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Attendees of Makers House queued for Instagram photos in the same studio as the celebrities above 

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The current Burberry campaign featuring Burberry Artisans alongside the September collection

Whilst compiling this article I discovered via the Burberry online store that the collection is made in Italy.  The mens beaded waistcoat is not for sale, so appears to be a one-off show piece.  This leads me to wonder what the purpose of placing English craft next to Italian manufacturing was, if not to dupe the Makers House audience into thinking English craftsmanship and Burberry go hand in hand. 

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Faye Toogood’s “The Cloakroom” at LDF: an Icebreaker and a Furnace

London Design Festival serves up a huge array of exciting and unexpected treats every year. Faye Toogood’s “The Cloakroom” is a perfect example.  Faye is a designer of a strongly academic and artisan persuasion who collaborated with a number of British-based makers and craftspeople to create a wonderfully immersive installation and tour through the V&A museum as temporary custodians of one of her 150 “Oilrigger” coats.

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The experience goes beyond that of a viewer. It starts with entering the cloakroom and being met with a circular continuum of coats – each the same but different. The invitation is to select a coat, each with a different hand-painted motif on the back, that appeals to you. I choose one that strikes me as akin to the Quentin Blake drawings in the Witches – a profile painting of a pointy-nosed character – very angular. I sign for my coat, number 97, and set off on a journey throughout the museum to locate ten coats installed amongst the permanent museum collections.

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The “imposters” are sometimes obvious, other times not. There’s effort required and coated in Faye’s foam and silicon garment it gets warm, intensifying my desire to find them all! The sculpted coats showcase British craftsmanship and take on a number of forms in materials ranging from wood to fibreglass and metal.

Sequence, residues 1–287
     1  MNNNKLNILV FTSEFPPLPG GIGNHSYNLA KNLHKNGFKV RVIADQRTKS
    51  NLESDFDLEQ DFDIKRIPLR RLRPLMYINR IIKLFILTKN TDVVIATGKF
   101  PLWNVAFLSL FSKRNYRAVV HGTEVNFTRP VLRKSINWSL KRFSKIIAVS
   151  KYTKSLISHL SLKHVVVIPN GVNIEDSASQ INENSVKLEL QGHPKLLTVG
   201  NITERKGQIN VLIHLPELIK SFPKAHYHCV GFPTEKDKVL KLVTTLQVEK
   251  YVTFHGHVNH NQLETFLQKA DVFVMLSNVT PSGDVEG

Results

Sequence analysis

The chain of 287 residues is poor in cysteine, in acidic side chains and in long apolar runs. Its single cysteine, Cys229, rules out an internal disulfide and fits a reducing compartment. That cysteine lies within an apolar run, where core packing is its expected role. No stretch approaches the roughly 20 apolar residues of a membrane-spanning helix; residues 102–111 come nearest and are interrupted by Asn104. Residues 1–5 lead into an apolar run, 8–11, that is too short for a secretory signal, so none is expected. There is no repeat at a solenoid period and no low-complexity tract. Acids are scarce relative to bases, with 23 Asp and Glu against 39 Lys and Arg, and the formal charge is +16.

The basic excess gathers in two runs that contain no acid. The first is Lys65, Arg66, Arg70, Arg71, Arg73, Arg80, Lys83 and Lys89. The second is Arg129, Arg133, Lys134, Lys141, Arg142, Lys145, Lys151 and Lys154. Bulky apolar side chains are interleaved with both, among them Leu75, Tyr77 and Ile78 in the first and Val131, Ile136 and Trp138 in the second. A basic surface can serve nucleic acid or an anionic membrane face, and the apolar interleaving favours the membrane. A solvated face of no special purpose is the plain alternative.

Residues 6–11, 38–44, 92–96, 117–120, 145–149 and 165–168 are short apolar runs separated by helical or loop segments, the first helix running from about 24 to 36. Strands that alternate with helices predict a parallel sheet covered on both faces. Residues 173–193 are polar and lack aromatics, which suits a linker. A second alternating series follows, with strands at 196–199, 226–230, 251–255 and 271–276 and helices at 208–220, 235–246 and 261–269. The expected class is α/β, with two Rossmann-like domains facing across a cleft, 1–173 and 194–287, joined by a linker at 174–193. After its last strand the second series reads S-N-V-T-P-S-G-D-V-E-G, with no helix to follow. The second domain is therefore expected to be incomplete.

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They sometimes sit comfortably within the surrounding works, at other times they jar, like the earthy kiln-like coat against a shifting LED light backdrop. The beauty of this experience (it’s more than an exhibition or installation) is that it takes you to parts of the museum you may never venture to. It reveals quiet corners and oddities, which become just as striking and important as the ones you’re actually looking for. I took snaps along the way of rooms and objects that captured my imagination as much as the coats.

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I managed to locate 8 of the ten coats using the hand-drawn and printed fabric map that fastened back into my coat at the end of the experience. There’s a sense of achievement in finishing the tour and I feel I have been on a journey. The coats are a definite bonding tool and I chat to others on the same journey as we head towards the common goal of finding the next coat sculpture. I also had some enquiries from other museum-goers wondering if there was a new coat trend sweeping London. It struck me that the coat was at once an ice-breaker and furnace (I was wearing a boiler suit underneath it, so partly my fault). It was definitely worth the heat.

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The final coat is a ghostly construction of English embroidery woven from a delicate mesh, then stitched with thousands of pins.

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Meeting Faye at the end of the experience and receiving a pat on the back for finding nine of the ten sculptures was a delight. She explained the process of cutting, sewing and hand painting each coat with silicone. Toogood’s work spans clothing, furniture, textile art and sculpture. Her work is rooted in materials. The exploration and hybridisation of materials underpins her work and the garments she creates in collaboration with her sister Erica are manufactured from a broad range of textiles including primed canvas, baked latex, rot-resistant canvas and hand-painted rubberised oil. The coats were made from Highfield, an organic compressed-foam upholstery textile by the manufacturer Kvadrat, constructed using Tevira CS fibres and technology to achieve high durability, low pilling and fireproofing. At 620 grams per square metre I now know why I’m feeling the heat. The coats were then hand-treated by Toogood and her team to render each one unique.

Kvadrat is Europe’s leading manufacturer of design textiles, pushing the aesthetic, technological and artistic boundaries of textiles for private and public spaces.

As I leave The Cloakroom it continues to become a shrine to previous custodians of the coats – full of photographs of visitors in their coats, some of whom elected to buy their coats for cost price at the end of the exhibition. It’s great to be part of an installation that invites the viewer to take part and then take a piece of it home.

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Oilrigger header image from Toogood Outerwear